The myth of shareholder value

The long standing fixation with creating shareholder value still persists just below the surface despite the current crisis. ‘The Rise and Fall of Management’ flags up the much broader responsibilities that directors have legally shouldered for the past 150 years, but if the City and top directors have their way, when the current crisis is over, it’ll be ‘back to business as usual’. Those directors will still be aligned with shareholders rather than customers and employees, and paying themselves extreme amounts of money irrespective of either short or long term performance. The bonus culture is regaining momentum and no matter how much the media and politicians berate the greed of City martinets, until action is taken to restrict or tax unwarranted bonuses, they will continue to be taken.

The Rise and Fall of Management takes a longer term perspective in which it can be seen the bonus culture is the aberration. Past practice as well as company law, including the 2006 Companies Act, take a much more enlightened approach to governance than current City practitioners want to admit. Contrary to common assumptions, shareholders do not own companies – how could they and benefit from limited liability at the same time? And directors owing their duty to the company can’t be solely the “agents” of shareholders. The law charges them with acting fairly as between all company members and having due regard to the long term and the interests of all stakeholders. All directors, including those who have gained substantial equity holdings as a result of bonus payments and therefore consider themselves primarily as shareholders, have these legal obligations. But delivering shareholder value has become so engrained in custom and practice that the law is simply ignored.

Under successive governments over the past three decades, corporate governance has been encouraged to degenerate into an unregulated free for all where the few exploit the majority and the substance of industry itself is hi-jacked.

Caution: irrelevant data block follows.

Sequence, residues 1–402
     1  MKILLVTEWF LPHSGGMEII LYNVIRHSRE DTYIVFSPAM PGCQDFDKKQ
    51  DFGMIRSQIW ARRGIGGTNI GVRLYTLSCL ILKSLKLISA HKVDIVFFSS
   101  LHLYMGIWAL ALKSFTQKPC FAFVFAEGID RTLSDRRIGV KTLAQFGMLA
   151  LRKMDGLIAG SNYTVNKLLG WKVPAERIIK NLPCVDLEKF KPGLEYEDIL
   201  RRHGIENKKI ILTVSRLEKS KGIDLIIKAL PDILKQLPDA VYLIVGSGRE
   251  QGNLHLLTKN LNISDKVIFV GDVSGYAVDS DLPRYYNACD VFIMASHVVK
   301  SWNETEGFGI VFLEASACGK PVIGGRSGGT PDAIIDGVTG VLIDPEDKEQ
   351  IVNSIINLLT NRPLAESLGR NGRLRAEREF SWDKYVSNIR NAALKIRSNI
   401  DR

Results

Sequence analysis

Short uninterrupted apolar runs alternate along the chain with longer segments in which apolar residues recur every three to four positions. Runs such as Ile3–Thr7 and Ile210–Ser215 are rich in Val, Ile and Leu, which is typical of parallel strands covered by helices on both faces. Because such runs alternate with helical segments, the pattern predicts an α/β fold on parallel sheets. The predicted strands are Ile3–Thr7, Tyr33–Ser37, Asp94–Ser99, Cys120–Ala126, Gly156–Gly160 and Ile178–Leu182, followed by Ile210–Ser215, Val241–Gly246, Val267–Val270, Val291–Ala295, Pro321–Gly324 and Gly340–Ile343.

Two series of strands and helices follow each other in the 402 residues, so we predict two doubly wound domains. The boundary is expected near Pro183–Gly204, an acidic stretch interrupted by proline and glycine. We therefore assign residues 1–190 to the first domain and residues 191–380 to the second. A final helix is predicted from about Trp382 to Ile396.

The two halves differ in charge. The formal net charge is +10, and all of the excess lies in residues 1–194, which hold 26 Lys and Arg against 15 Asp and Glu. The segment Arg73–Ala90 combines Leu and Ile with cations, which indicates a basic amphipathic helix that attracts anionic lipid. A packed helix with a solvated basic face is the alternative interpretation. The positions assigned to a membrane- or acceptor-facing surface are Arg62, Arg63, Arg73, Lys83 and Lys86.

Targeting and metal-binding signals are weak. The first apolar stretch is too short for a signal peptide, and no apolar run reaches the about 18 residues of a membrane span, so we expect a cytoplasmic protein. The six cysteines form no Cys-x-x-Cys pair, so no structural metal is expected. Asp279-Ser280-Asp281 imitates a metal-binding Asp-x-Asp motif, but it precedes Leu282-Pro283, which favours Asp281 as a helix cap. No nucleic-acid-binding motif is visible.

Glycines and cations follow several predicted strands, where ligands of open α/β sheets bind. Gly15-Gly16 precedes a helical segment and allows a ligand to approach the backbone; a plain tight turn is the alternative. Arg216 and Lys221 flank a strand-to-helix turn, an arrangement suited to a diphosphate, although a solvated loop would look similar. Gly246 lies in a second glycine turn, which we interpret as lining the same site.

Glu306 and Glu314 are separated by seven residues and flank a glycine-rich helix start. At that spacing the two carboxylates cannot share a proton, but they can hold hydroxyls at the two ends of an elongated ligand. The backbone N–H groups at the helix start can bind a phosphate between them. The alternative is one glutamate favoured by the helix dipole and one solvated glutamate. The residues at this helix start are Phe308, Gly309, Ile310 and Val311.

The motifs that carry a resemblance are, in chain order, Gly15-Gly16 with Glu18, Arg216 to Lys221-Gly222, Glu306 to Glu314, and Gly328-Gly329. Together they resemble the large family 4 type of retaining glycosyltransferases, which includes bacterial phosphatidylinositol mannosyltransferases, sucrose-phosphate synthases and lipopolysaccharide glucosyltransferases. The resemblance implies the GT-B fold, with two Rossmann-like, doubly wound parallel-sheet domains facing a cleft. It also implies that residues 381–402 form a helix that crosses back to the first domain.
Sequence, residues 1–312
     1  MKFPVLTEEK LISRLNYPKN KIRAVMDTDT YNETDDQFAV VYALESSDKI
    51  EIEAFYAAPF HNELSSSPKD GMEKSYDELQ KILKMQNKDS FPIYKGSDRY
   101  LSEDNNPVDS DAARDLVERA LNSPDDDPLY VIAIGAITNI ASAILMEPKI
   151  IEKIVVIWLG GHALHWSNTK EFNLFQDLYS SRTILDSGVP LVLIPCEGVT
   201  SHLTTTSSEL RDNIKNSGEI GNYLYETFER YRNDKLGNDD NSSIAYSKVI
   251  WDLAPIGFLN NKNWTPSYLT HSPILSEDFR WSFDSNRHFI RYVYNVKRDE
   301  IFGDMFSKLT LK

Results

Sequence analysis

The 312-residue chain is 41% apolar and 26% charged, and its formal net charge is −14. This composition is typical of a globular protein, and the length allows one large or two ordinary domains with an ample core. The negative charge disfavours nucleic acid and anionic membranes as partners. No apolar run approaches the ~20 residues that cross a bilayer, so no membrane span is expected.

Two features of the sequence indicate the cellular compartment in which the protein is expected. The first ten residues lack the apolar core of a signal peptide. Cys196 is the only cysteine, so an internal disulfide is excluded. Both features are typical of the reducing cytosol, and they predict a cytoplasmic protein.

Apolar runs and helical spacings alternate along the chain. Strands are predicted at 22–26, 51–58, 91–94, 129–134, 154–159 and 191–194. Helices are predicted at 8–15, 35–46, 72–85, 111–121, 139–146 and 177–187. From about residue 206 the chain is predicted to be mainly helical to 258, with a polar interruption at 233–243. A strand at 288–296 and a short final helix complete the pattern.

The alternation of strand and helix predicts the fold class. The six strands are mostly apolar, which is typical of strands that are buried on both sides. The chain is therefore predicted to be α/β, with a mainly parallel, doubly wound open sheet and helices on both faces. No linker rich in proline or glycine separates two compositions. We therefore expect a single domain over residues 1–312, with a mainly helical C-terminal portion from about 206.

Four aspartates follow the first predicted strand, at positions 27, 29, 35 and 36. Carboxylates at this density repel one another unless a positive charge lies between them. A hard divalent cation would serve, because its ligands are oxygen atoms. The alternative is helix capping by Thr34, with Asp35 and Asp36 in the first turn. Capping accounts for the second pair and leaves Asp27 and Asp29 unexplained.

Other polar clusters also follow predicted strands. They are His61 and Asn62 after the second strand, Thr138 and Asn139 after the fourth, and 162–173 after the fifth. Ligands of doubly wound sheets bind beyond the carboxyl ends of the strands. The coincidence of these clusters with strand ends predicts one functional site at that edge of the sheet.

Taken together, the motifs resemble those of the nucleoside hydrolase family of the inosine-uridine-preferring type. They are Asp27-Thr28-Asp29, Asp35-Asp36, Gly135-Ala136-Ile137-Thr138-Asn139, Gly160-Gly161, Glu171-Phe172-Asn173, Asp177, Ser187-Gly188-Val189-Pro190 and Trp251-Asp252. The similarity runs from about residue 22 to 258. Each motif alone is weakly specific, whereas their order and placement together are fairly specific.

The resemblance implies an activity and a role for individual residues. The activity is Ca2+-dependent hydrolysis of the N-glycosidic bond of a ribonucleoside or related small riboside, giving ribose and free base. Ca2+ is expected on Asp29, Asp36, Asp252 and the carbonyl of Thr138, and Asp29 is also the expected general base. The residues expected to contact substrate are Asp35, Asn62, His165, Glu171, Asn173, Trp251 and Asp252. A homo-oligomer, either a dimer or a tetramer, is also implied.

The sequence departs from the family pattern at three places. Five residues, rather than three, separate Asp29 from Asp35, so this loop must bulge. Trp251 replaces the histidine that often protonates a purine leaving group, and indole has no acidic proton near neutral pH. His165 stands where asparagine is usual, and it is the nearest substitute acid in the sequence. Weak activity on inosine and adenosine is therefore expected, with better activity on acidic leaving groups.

8 Comments

  1. Martin Parker says:

    Rather than all this nonsense about capitalism mending itself, isn’t it about time we stopped capitalists from doing what benefits them? Their interests are not the same as mine, as ours, and the sooner this is recognised and enshrined in statute, the better.

  2. Gordon Pearson says:

    Agreed. Sufficient statute is already in place to do the job. The 2006 Companies Act is habitually ignored. The legal duty of auditors to ensure accounts present a true and fair picture is ignored – balance sheets are prepared deliberately to hide more information than they present and auditors are content to accept it and still certify the accounts as true and fair. The law is OK, enforcement is nowhere.

  3. […] (John Kay) • Gold-hunting in a frugal age (The Economist) • The myth of shareholder value (Gordon Pearson) see also Down With Shareholder Value (NYT) • Why these business owners are hiring (CNN Money) […]

  4. da_mnm says:

    It is only natural.. If human being were left to put down rules for them selves, they will surely lead them selves into injustice.. Divine Guidance is there, we just need to find it, understand it and practice it..

  5. Mike Smith says:

    Are the owners of the firm entitled to some profit? Why else would they invest? The author simply doesn’t understand that a superior company has carefully selected the best employees, rewards them in both long and short terms and manages to deliver a superior product or service as a result of the combined efforts of a motivated workforce.

    I’ve been there and it does work. It fails when managers operate in theor own interests before that of their employees and customers.

    It isn’t rocket science and an MBA is a severe handicap to success.

  6. Gordon Pearson says:

    As Mike Smith says owners, by which I assume he means shareholders, would only invest if they earn a sufficient return. His comment re management’s role could have been taken from The Rise and Fall of Management – “The management issue in the 21st century is how to recruit, retain, support and develop highly skilled and educated people ….” People need to be the focus. The focus on shareholder value has led to financial predation on real firms in the real economy as indicated in several postings on this site.

  7. AHodge says:

    Long term steps to boost earnings power are good. Meaning sustainable real operating earings. Most other stock price boosting is bubble blowing – and doesn’t benefit anyone long term over the cycle. Except management, who can play games and hype their bonuses options value etc, and nimble traders ready to get out.

  8. Gordon Pearson says:

    Sad reflection on management (copmpare with Mike Smith’s version), but in the recent crunch many managements have played this self interest maximising role, and idnored heir real responsibilities

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